The rationale for this course of action would be to wait until the mechanism and threshold of injury for blast pressure waves is more fully understood before creating a requirement. This is the most cautious path from a scientific perspective but the riskiest path for soldiers. It would leave soldiers exposed to potentially harmful blast pressure waves with whatever incidental protection the ACH and IHPS provide.
These helmets likely provide some protection against primary blast wave injury relative to no helmet, although their level of protection will almost certainly not be optimal if they are not designed to do so. An alternative is to establish an interim requirement for protection now, based on what is known, and adjust the requirement over time as the science matures.
Fully understanding the causes of blast injury could take years or even decades, but the Army has the opportunity to begin protecting soldiers today. The Army should take this opportunity. Based on the results of the helmet tradespace study demonstrating the ability of certain designs to reduce overpressure exposure and the drawbacks of various designs, the Army should establish an interim requirement for protection against blast overpressure while continuing further research to refine the requirement over time.
By instituting a requirement, the equipment community has a metric to target when designing protective equipment, and the broader commercial and scientific communities have a baseline from which to improve. Most importantly, a protection requirement will institute some level of protection today, balanced against other tradeoffs such as weight, as best as is possible given the state of the science.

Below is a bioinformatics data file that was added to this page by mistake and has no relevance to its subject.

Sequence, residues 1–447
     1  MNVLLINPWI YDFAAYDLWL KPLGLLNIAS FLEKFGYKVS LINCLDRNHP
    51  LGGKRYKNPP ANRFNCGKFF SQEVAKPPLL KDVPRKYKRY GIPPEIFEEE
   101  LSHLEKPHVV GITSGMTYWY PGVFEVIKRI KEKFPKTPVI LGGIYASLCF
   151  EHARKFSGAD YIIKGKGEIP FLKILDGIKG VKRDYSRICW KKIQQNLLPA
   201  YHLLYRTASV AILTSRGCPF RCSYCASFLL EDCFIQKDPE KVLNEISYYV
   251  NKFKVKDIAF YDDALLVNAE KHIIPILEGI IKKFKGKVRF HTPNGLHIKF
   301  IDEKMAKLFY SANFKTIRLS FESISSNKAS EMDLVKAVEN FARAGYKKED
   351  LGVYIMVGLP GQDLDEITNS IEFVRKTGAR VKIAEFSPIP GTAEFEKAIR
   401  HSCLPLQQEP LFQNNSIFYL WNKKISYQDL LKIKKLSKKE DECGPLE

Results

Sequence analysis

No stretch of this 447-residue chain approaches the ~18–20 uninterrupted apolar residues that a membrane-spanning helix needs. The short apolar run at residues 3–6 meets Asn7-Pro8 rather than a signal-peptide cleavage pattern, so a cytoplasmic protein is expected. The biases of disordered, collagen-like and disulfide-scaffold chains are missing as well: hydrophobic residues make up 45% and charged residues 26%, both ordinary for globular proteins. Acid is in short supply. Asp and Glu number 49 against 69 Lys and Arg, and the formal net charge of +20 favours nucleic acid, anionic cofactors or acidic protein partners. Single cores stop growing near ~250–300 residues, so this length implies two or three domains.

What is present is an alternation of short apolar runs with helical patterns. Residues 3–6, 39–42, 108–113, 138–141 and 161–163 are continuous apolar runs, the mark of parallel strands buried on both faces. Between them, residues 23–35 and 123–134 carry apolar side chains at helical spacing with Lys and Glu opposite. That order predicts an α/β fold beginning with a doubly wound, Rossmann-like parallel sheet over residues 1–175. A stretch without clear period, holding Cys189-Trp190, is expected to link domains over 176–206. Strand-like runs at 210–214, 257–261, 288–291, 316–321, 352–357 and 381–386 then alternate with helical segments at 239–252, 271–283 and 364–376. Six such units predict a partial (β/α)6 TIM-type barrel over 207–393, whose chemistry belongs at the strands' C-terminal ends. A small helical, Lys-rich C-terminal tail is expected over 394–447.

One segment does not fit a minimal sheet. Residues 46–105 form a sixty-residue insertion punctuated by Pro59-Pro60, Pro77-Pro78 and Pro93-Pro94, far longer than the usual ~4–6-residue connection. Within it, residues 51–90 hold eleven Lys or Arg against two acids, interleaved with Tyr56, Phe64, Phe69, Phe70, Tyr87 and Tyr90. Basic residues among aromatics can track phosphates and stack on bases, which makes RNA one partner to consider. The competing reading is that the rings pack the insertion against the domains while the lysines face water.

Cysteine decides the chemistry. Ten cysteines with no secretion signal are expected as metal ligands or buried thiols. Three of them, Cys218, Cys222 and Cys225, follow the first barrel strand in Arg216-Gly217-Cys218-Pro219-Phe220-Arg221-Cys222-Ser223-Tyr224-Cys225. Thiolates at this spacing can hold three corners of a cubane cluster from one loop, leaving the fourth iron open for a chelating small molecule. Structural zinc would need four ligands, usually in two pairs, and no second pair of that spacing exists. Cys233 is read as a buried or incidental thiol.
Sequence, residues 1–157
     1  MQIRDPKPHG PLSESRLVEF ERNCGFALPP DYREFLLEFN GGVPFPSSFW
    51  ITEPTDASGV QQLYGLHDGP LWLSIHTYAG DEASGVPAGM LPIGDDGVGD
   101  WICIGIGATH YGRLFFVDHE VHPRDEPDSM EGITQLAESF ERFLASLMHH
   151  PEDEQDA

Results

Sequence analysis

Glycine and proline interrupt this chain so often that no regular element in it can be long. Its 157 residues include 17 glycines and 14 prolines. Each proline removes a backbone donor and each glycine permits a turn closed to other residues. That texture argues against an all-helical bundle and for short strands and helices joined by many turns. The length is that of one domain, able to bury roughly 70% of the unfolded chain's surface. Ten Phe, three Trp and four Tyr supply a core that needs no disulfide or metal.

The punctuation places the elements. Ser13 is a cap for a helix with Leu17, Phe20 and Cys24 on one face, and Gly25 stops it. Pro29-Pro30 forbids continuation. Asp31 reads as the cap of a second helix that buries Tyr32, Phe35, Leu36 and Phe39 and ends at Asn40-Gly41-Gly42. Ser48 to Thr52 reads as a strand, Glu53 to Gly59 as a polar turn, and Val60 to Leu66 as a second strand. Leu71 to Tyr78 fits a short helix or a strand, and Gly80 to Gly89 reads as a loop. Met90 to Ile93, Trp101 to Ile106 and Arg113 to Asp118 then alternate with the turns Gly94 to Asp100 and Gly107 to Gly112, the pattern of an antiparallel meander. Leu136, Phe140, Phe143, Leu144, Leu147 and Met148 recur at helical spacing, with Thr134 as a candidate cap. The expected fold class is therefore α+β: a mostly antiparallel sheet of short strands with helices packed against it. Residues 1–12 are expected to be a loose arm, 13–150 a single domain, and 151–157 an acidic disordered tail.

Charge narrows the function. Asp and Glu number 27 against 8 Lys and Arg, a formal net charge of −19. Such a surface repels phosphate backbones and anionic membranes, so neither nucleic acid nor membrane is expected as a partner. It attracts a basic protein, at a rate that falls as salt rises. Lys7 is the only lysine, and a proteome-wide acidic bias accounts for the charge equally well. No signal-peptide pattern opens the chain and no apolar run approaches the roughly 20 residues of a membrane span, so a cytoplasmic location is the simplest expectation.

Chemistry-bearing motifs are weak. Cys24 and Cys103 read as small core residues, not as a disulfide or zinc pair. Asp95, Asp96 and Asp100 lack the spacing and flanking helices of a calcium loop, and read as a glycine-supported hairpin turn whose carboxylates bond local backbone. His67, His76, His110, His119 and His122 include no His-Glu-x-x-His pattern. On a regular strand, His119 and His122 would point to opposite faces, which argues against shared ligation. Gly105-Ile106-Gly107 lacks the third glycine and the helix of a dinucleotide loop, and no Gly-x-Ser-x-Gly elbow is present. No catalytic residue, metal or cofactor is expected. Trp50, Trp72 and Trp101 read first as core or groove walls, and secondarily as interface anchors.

Over time, research and experience may demonstrate that the requirement is too high or too low — or perhaps focused on the wrong metric — and it can be adjusted accordingly as the science matures. Emerging evidence suggests that soldiers may be exposed to significant levels of blast overpressure when firing heavy weapons, such as the Carl Gustaf recoilless rifle, even in training. Animal studies have shown that multiple exposures lead to a greater likelihood of injury. Effectively, this translates to a lower threshold of injury following multiple exposures, 78 meaning even low-level exposures can have cumulative effects.
Cumulative effects from repeat blast exposure can even occur across multiple days. In DoD studies, servicemember cognitive deficits following heavy weapons firing took 72 to 96 hours to resolve to a level at which they were not statistically significant. A single daily exposure delivered for three consecutive days resulted in percent greater physiological change, suggesting there is a cumulative effect of the exposures and that a rest period of 24 hours is not sufficient to fully recover.
The long-term effect of prolonged exposure to repeat sub-concussive blast events is unknown, but there is some evidence to suggest concern.